In the setting I'm working on, I want to have a vast 'sea' of diamond dust that is sustained by some kind of chilling magic effect that's spread across the surface of the land.

Since magic is involved, I can always hand-wave some of the details aside, but I'm wondering more generally: How large and how intense can a source of cold get before it starts dramatically altering the global climate.

It's different from any actual artificial sources of cold, because they all produce more heat overall, and just localized cold.

  • $\begingroup$ Where is this sea appearing? In the tropics, or in high latitudes during winter? $\endgroup$
    – Alexander
    Feb 7, 2019 at 22:54
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    $\begingroup$ This question might answer yours worldbuilding.stackexchange.com/questions/120842/… $\endgroup$
    – Bewilderer
    Feb 7, 2019 at 22:58
  • $\begingroup$ The answer to this depends on how the chilling effect works. Do the diamonds always remove heat at a constant rate, or are they just some constant temperature that never changes regardless of how much heat flows into them? $\endgroup$ Feb 8, 2019 at 14:52
  • $\begingroup$ Diamond dust is the term for low hanging frozen clouds. I want a big sea of diamond dust, basically a huge area of land to be perpetually covered in frozen clouds, and am reverse engineering a magical cause of that, basically. $\endgroup$ Feb 8, 2019 at 17:50

3 Answers 3


Assuming that the region is never allowed to heat up above freezing point, and it is sufficiently large to contain the requisite volume of ice, my suggestion is that it is going to act as a permanent cold trap.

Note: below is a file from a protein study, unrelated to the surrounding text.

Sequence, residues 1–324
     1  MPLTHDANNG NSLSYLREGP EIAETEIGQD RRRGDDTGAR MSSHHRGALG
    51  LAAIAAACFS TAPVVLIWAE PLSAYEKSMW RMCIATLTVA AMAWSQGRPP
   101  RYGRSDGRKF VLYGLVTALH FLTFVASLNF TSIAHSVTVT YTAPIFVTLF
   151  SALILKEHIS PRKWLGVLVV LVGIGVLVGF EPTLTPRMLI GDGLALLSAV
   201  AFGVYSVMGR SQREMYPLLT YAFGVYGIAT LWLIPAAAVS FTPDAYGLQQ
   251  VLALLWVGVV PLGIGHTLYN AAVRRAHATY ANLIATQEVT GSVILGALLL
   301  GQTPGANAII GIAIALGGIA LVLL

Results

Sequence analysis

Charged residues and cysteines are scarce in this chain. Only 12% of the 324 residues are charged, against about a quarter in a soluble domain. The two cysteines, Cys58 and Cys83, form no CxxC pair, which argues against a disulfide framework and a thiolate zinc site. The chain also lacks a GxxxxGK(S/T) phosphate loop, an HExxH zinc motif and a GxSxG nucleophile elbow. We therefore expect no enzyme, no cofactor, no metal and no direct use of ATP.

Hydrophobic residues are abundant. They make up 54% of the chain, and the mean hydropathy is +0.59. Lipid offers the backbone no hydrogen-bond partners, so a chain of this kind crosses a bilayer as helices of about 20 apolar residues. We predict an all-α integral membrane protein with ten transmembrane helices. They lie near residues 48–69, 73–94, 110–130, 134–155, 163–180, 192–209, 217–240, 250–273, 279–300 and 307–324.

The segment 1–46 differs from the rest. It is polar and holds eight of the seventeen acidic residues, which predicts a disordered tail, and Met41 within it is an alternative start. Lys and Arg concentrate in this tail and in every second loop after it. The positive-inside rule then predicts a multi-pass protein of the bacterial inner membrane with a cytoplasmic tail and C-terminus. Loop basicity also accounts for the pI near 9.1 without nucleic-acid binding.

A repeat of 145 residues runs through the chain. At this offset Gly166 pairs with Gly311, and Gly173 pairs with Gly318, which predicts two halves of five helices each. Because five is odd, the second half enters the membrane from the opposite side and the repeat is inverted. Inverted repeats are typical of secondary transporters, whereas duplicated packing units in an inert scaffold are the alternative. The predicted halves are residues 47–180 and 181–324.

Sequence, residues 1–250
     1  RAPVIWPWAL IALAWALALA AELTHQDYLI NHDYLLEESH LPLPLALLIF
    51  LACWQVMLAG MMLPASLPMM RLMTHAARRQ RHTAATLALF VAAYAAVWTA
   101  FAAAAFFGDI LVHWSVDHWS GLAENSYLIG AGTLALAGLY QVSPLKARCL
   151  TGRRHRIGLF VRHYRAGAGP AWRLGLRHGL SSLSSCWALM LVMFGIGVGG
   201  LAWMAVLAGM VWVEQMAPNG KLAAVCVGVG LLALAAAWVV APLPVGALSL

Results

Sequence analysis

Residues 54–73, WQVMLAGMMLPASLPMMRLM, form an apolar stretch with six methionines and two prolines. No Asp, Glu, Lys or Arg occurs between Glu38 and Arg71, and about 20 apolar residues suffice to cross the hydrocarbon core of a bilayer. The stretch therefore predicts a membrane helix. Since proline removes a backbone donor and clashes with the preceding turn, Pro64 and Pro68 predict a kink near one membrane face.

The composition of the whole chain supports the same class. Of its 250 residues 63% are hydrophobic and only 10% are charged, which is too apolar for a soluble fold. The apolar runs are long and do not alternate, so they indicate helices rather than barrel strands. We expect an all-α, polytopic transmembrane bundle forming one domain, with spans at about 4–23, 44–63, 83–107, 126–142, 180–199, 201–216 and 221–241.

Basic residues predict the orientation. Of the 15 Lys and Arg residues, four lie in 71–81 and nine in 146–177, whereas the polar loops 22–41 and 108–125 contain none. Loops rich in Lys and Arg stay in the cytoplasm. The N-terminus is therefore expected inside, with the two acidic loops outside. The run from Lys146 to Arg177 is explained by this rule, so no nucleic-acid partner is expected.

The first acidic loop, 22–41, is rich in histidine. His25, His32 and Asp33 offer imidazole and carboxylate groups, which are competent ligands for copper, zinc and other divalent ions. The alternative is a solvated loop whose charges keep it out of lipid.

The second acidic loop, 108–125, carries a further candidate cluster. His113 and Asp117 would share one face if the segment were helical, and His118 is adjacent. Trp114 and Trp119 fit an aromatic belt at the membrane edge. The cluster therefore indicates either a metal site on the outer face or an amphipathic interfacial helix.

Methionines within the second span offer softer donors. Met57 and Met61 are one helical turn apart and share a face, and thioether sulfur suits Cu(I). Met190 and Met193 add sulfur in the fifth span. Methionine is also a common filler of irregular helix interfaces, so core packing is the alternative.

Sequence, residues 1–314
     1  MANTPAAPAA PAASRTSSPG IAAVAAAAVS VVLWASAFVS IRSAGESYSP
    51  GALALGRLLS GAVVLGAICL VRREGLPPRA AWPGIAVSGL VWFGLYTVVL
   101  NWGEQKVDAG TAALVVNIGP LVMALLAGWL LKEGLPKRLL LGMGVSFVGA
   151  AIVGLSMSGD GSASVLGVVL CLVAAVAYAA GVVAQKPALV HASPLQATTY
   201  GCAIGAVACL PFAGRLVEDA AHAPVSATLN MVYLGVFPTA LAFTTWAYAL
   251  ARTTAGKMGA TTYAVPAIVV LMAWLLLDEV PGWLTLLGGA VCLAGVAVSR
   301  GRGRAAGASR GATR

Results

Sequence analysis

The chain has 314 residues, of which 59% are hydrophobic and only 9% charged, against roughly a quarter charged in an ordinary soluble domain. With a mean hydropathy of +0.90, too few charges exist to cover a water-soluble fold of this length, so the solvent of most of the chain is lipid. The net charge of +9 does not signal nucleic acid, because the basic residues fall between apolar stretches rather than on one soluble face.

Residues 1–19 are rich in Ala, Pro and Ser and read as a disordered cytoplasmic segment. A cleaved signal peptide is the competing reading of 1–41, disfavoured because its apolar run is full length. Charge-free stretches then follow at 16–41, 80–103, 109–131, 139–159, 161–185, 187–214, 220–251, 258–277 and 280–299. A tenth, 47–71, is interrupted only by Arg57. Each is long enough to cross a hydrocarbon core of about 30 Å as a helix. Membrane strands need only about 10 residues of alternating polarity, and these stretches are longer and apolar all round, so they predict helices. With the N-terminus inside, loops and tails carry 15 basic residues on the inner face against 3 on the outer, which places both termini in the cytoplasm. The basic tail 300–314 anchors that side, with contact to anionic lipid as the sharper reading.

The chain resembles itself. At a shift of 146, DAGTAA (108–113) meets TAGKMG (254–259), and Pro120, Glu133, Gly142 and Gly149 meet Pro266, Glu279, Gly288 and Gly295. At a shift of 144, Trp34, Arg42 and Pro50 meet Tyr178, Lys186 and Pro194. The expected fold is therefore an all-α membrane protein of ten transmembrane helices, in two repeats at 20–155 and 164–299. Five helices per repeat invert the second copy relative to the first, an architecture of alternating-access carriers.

The result of this is that over a sufficient period of time, all moisture in the atmosphere will end up frozen and locked up inside the region.

Unless there's a mechanism that I'm overlooking, there will be a certain timeframe in which every molecule of water will have passed into the region and become locked up, rendering the atmosphere devoid of all moisture.

Ice magic is dangerous.

  • $\begingroup$ Antarctica never warms up above freezing point and it is quite large. However, thanks to the permanent circle of westerly winds and the immense circular ocean current they produce, it's pretty much isolated from the rest of the atmosphere. $\endgroup$
    – AlexP
    Feb 8, 2019 at 11:10
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    $\begingroup$ Being below freezing doesn't mean that all moisture will condense from the air. Generally, the capacity of air to hold moisture steadily goes down with decreasing temperature. This is what the dew point is in meteorology-- the temperature at which water would start to condense out of the air at the current humidity. As proof that not all water condenses out of the air at 32 F, the dew point where I am at the moment is -3 F. $\endgroup$ Feb 8, 2019 at 15:11

So in the normal Earth ecology, heat is constantly being introduced by the primary source of energy in the solar system; the sun. That heat is effectively trapped in the atmosphere by what we call the greenhouse effect; certain gases actually trap certain wavelengths of the light and heat from the sun in the atmosphere, which warms up to an equilibrium temperature at sea level.

The more of what we call greenhouse gases are in the atmosphere, the more heat that's trapped, and the hotter that equilibrium level is. Hence, global warming.

What you say about 'artificial' cooling is correct; you're effectively extracting heat from a localised area, but net heat in the atmosphere is increased. Usually via greenhouse gases used to generate the energy to do this in the first place.

In your scenario however, you've got a perfectly environmentally friendly way of keeping the core temperature of the planet cool. So, in that regard, if the sun is still shining on the earth and the temperature is kept even (and above freezing, 0oC) then your cooling will never have a material effect on the ecology because the sun will counteract the work of your cooling magic, and you're not using it at a level that can overwhelm the sun.